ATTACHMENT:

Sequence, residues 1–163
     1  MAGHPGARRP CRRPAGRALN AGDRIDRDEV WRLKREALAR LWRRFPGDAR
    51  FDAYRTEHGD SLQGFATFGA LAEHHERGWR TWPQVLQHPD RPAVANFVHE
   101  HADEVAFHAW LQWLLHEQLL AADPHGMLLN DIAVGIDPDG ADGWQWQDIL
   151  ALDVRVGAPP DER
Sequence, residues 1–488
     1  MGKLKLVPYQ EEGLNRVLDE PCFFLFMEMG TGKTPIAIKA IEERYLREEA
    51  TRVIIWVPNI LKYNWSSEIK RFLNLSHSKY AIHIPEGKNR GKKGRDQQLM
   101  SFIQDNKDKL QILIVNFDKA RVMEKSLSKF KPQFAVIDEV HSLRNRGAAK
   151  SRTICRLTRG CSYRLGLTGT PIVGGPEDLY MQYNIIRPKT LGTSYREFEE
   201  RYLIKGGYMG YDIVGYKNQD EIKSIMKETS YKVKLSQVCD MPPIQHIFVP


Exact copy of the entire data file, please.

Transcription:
Sequence, residues 1–163
     1  MAGHPGARRP CRRPAGRALN AGDRIDRDEV WRLKREALAR LWRRFPGDAR
    51  FDAYRTEHGD SLQGFATFGA LAEHHERGWR TWPQVLQHPD RPAVANFVHE
   101  HADEVAFHAW LQWLLHEQLL AADPHGMLLN DIAVGIDPDG ADGWQWQDIL
   151  ALDVRVGAPP DER
Sequence, residues 1–488
     1  MGKLKLVPYQ EEGLNRVLDE PCFFLFMEMG TGKTPIAIKA IEERYLREEA
    51  TRVIIWVPNI LKYNWSSEIK RFLNLSHSKY AIHIPEGKNR GKKGRDQQLM
   101  SFIQDNKDKL QILIVNFDKA RVMEKSLSKF KPQFAVIDEV HSLRNRGAAK
   151  SRTICRLTRG CSYRLGLTGT PIVGGPEDLY MQYNIIRPKT LGTSYREFEE
   201  RYLIKGGYMG YDIVGYKNQD EIKSIMKETS YKVKLSQVCD MPPIQHIFVP